Ideas (and Inherent Value)

Over the last few months, I’ve had a lot of time to think about a range of things in my life. A large number of these thoughts have centered around the passage of time: what I’ve let go of from the past, where I am in the present, and what I’d like to be doing in the future. In the middle somewhere, I got very frustrated with myself because I kept looking to a benchmark I created and manufactured for myself in the future, without focusing much on where I am and what I want to be doing in the present. The purpose of these thoughts felt very useless. I didn’t fully recognize why I was thinking about them and where they were coming from, or what role they were playing.

I’ll illustrate this. I enjoy writing. I’d always think about – and get all these incredible ideas about what I could be writing next. Things I want to read and research about – thoughts I hadn’t seen expressed on any other medium I had read. Things that I would look forward to reading about and creating a piece about. Then I’d think about them more: crystallize plans for how I’m going to go about writing these pieces, what source material I’d pick up. Ultimately, I’d procrastinate. Most of these ideas were time-sensitive, they were highly relevant in the context of an event taking place at the time. So although I’d get around to all the reading I wanted to do, I’d never actually get around to the writing. Why? Because I felt it wasn’t as relevant anymore. This put my thinking and my ideating at a precarious position for me. It placed all of my thinking right in the middle of thought and action. See: the reading is always an excellent takeaway, but the writing would have been even better.

So I’ve been thinking about why these ideas, especially the unfinished ones, those unclaimed ones that lie in the back of your brain, matter. Since January, I’ve progressed to using OneNote over Google Keep to keep track of things in life. Not because I want to get hyper-organized, but more for this one experiment. Mentally, I decided that I would write down every grand idea I had. I’d jot them down and categorize them. I’d spent all of the thinking time writing. Even all these thoughts I had about reading plans – I’d type them out as I was thinking them.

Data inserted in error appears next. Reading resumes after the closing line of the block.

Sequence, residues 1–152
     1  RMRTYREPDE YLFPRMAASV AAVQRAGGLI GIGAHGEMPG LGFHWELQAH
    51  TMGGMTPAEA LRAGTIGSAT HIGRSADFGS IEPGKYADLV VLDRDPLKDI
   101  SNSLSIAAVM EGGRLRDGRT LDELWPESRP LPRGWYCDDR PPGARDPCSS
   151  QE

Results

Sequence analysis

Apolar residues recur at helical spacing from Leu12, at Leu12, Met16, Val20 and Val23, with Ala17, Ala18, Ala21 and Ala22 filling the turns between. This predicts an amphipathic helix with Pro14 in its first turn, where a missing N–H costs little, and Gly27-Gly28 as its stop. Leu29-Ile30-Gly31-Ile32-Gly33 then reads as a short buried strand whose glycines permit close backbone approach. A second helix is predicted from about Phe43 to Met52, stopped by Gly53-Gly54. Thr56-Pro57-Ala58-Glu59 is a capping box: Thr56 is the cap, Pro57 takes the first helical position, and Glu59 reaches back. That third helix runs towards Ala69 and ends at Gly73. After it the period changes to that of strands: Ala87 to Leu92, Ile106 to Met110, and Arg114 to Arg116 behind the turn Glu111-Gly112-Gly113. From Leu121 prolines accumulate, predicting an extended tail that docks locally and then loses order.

This has led to a lot of random notes, including one that says “Read a book” under a heading that says “Cars”. I do not remember the idea I had anymore, nor do I have context apart from a time-stamp. For the most part though, the notes are reasonably contextualized. They’re almost a transcription of that little voice in my brain that talks to me for most of the day, so they’re reasonably accurate in depicting my thoughts at any given point of time.

What I’ve measured out is that for every 10 ideas or notes I write down, I execute 1 of them. The ones I execute are often the ones I execute immediately after ideating them and writing them down, ones that energize me enough not to procrastinate that idea. So, jumping straight into things helps me.

So, what’s the value of those other 9?

I’ve read back all these notes I’ve taken, and I see so much processing happening. For me, ideas stem out of sensory cues for the most part. Most of my ideas come from things I read, with some of them coming from things I hear. I think the value of these ideas I have just lies in the fact that it means I’m processing some of what I’m hearing and seeing. Then there’s the other aspect of things. I find that several of these ideas are interconnected, so there’s a lot of synthesis taking place – and a lot of connection of random pieces of information I would have spotted on two ends of the internet.

Of course, the value of having 10 ideas is that maybe 1 translates into action.

All of this thinking ended up with more thinking. Should ideas have value at all? Can’t they just be that: ideas, without anything attached to them, normatively?

The definition of an idea, as a noun is: a thought or suggestion as to a possible course of action.

Reading that definition pretty much answered that question for me.

It’s definitely possible. The value of an idea doesn’t rest in its conclusion, or on the action you take at the culmination of ideating. It’s in the ideating itself, and the application of mind that goes into thinking or suggesting, or figuring out a possible course of action for anything.

Which means I could have avoided writing all my thoughts down for a whole month if I had read that definition first.


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